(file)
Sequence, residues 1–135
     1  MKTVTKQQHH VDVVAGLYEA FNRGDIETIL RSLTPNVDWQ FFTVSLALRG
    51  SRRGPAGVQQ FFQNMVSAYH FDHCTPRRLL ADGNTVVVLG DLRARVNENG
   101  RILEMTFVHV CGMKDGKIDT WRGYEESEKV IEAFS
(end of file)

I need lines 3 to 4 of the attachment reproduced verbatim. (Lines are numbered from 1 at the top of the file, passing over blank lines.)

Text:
    51  SRRGPAGVQQ FFQNMVSAYH FDHCTPRRLL ADGNTVVVLG DLRARVNENG
   101  RILEMTFVHV CGMKDGKIDT WRGYEESEKV IEAFS